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Fostering Plain Tigers

 A few months back, I had planted a Bloodflower(milkweed) plant in the hope of breeding Plain Tiger Butterflies. It was wonderful to watch the metamorphosis. Here are the pictures...

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The host plant is called bloodflower. The plant belongs to a group known as Milkweeds.
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Mature female plain tigers lay their eggs on these plants...
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Milkweeds secrete latex which contains chemicals called cardenolides, which are ingested by the larvae as they feed on the plant...
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The cardenolides are toxic to potential predators (but not the larvae), and can be stored till they mature...
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Cardenolides had evolved in plants as a defense against herbivores, but some herbivores, including plain tiger larvae, evolved enzymes to become able to process these cardenolides...

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After few days of heavy eating of leaves, the larvae prepare for the Pupa stage...
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It attaches itself to the wall...
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Some get attached to the ceiling.... 

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The pupal stage of the plain tiger lasts about 9 to 15 days, where the caterpillar hardens...
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As days pass, the chrysalis becomes brown and the butterfly inside becomes visible...
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I kept monitoring them so that I won't miss the adult butterfly stage. After a wait that was akin to watching paint dry, the butterflies started emerging...
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The crumpled wings..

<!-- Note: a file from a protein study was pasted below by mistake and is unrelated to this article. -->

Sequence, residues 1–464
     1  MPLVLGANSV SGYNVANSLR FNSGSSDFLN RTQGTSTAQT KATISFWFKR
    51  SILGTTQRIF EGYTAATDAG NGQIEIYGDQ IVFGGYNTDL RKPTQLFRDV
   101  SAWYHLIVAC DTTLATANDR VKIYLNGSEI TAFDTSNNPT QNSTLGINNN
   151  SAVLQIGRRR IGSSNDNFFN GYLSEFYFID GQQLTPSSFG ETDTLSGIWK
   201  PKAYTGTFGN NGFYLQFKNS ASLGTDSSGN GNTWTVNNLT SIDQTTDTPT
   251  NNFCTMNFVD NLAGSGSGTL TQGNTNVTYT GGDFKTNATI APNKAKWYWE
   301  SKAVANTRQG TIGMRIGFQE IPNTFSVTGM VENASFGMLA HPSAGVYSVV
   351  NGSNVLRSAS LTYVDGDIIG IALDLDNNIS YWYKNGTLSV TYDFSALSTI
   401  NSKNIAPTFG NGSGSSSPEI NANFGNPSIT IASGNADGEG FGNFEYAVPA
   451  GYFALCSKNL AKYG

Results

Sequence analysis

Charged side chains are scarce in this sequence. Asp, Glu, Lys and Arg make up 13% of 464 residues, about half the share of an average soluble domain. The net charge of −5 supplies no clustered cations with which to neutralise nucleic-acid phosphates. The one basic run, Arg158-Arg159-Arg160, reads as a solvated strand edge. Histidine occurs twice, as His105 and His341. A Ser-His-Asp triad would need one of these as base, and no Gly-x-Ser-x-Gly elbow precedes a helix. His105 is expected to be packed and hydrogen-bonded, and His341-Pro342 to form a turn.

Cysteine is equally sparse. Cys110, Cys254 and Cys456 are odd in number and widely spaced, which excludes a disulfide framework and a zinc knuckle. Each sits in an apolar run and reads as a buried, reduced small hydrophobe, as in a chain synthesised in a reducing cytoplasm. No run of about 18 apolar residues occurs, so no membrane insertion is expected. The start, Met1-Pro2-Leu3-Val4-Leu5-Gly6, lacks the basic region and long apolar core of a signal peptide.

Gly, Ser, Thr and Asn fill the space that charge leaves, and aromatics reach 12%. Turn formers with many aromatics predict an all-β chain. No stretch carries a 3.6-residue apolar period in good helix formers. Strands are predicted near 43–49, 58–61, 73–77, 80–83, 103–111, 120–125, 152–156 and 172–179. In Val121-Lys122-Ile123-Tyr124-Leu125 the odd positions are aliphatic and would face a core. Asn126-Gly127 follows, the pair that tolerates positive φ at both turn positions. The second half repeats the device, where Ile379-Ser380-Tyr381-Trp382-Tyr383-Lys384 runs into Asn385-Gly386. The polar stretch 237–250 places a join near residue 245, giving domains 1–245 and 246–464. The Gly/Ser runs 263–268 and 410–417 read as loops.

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The wings straighten in about 5 minutes. Then it hangs there for about 3 hours.... 

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After 3-4 hours it gets ready to fly by flapping its wings...
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Male and female plain tigers look extremely similar, but males can easily be differentiated from females with the presence of an additional black-and-white spot on its hindwing.
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Adult plain tigers also ingest and store another type of toxic substance called pyrrolizidine alkaloids...

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These chemicals cause plain tigers to be inedible (usually causing vomiting) to many predators, especially birds. Predators which have suffered the negative effects of eating a plain tiger subsequently learn to avoid eating the same type of butterfly because of its bright, noticeable coloration and pattern...

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This 'strategy' of using warning colours to ward off predators is also known as aposematism...



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